Aug 21, 2006|
P/E ratio: Look beyond it!
The P/E ratio is easily one of the most widely used valuation metric employed by the investors worldwide to arrive at an attractiveness of a stock. However, what the ratio numerically denotes is not necessarily the truth always and application of other valuation matrices could prove to be more useful. Let us see where this ratio fails and how other ratios takes its place.
We have heard a lot of people say that since companies like Tata Steel and Hindalco trade at lower P/E than say a company like Infosys, they are more attractively valued than the latter! Nothing could be further from the truth. It should be borne in mind that Tata Steel and Hindalco operate in cyclical industries where earnings peak and then fall and then scale another peak. Hence, for such companies, P/E will always look attractive during economic boom. However, investors should not fall into such a trap and instead should consider P/E based on the average earnings for the entire cycle rather than just a year's earnings. Companies like Infosys on the other hand operate in growth industries and hence command better valuations than its cyclical counterparts. The charts given below where earnings are rebased to 100 help bring out the differences in earnings pattern.
Just as low P/E does not necessarily mean that a stock is attractive, a high P/E stock cannot completely be ignored either. Quite a few times, it so happens that a quality company performs badly owing to some unforeseen circumstances or due to an unavoidable slowdown in industry. At such times, since the earnings suffer, P/E ratio could appear to be on the higher side. However, this does not mean that the stock has become less attractive; on the contrary, this could be a good opportunity to invest in a turnaround story at an attractive price.
Earlier, we saw how applying P/E to commodity companies could prove to be misleading during a cyclical peak and trough. In fact, one can go a step further and drop this valuation metric in favour of the more reliable P/BV (price to book value) for such stocks. Since profits for commodities largely depend upon the scale of capacities that they have, higher capacities would mean an ability to generate higher profits. Moreover, the more the capacities are financed by equity and internal accruals, the better it is, as this will result in a higher book value and thus a higher valuation.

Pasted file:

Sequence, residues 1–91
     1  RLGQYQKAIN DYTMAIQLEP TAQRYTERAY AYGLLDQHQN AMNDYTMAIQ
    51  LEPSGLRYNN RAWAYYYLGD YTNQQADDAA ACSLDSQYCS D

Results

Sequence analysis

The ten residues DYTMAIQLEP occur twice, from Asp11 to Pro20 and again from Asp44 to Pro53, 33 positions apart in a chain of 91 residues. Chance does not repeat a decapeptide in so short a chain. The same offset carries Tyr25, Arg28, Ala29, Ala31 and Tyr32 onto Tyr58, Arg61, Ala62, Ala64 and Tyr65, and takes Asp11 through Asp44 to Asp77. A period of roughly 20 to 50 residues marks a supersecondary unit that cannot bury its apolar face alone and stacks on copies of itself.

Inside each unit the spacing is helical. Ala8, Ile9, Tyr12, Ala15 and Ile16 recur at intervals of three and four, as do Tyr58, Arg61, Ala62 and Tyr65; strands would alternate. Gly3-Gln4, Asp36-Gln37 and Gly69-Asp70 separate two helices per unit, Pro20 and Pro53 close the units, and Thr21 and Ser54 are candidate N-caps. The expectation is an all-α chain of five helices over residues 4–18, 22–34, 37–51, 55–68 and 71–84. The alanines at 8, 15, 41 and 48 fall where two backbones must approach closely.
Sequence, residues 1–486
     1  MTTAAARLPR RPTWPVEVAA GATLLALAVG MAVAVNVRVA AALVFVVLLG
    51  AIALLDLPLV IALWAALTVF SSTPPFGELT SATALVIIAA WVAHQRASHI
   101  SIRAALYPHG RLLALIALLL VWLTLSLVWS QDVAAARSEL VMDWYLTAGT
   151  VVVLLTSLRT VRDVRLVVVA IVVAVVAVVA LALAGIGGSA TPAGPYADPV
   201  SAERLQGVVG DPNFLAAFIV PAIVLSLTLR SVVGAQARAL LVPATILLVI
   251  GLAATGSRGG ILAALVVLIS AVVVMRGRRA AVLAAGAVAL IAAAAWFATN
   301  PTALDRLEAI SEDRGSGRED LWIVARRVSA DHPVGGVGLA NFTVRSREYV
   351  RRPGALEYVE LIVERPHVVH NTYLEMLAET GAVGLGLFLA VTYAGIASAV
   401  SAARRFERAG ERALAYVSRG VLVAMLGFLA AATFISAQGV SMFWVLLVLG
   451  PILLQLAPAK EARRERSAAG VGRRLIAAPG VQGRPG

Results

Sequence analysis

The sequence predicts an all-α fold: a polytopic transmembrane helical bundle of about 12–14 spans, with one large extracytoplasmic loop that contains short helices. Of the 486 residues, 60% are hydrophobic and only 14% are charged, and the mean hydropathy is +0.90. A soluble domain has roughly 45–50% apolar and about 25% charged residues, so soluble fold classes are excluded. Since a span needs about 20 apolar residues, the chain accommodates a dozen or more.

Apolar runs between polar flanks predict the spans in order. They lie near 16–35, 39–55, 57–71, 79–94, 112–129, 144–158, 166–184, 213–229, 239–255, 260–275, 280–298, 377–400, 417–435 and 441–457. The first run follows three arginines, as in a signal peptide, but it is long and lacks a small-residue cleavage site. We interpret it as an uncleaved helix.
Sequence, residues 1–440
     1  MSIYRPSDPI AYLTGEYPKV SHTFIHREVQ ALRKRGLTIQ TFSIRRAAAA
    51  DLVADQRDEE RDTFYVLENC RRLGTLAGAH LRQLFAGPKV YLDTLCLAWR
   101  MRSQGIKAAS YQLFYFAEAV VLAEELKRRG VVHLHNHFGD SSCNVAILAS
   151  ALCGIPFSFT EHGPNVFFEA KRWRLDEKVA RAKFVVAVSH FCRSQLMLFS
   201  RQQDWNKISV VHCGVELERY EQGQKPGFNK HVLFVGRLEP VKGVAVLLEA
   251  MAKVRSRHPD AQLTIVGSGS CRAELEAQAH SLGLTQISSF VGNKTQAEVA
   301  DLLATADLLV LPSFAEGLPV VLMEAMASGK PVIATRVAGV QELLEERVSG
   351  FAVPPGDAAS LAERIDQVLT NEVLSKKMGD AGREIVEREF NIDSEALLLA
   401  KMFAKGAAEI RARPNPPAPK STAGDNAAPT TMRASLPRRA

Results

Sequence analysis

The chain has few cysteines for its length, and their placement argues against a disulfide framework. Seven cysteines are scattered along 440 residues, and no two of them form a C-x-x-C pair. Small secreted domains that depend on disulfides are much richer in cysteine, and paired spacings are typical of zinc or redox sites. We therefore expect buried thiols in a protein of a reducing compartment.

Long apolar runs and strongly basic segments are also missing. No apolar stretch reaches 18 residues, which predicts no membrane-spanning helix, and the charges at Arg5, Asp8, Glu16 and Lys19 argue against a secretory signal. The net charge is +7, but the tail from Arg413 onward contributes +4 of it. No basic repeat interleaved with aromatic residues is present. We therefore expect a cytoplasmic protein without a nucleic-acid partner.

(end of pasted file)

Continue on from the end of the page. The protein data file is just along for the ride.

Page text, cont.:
Just as P/BV is a more reliable valuation tool for valuing commodity companies, there are a few other metrics like the PCF (price to cash flow) or P/S (price to sales) that lend themselves well to analysis of certain industries than the more widely used P/E. For e.g. in the auto industry, during times of high capex, where the company is working on a new platform or coming out with a completely new model, earnings might appear depressed and the stock might look less attractive on account of the higher resultant P/E. In such a case, PCF would give a better picture, as it will capture the capital investments that the company is undertaking and the benefits of which will accrue in the coming years.
Thus, depending upon the dynamics of the industry, an investor can come up with its own valuation metric to arrive at a correct picture regarding the attractiveness of the stock. We would also like to highlight that considering one valuation metric in isolation has its own risks and hence for cross checking and minimizing error purposes, stock valuation should be put to test against atleast 2 to 3 valuation tools.
It should be noted that depending upon the fundamentals (earnings track record, management, financial leverage, cash flows, return on capital etc), every company should command a certain P/E or a sector specific ratio. If one judiciously sticks to this pre-determined ratio and takes investment related decisions accordingly, then a lot of heartburn arising out of paying too much for a stock can be avoided. Please bear in mind that during times of boom, investors have a habit of becoming over optimistic and hence shifting the goalposts farther. A disciplined investor should not pay heed to this and should test the prevailing market price against his own pre-determined valuation metrics and then act accordingly. Please remember that all savvy investors earn their money this way; by adopting a disciplined investment approach rather than getting influenced by the mercurial behaviour of the market.
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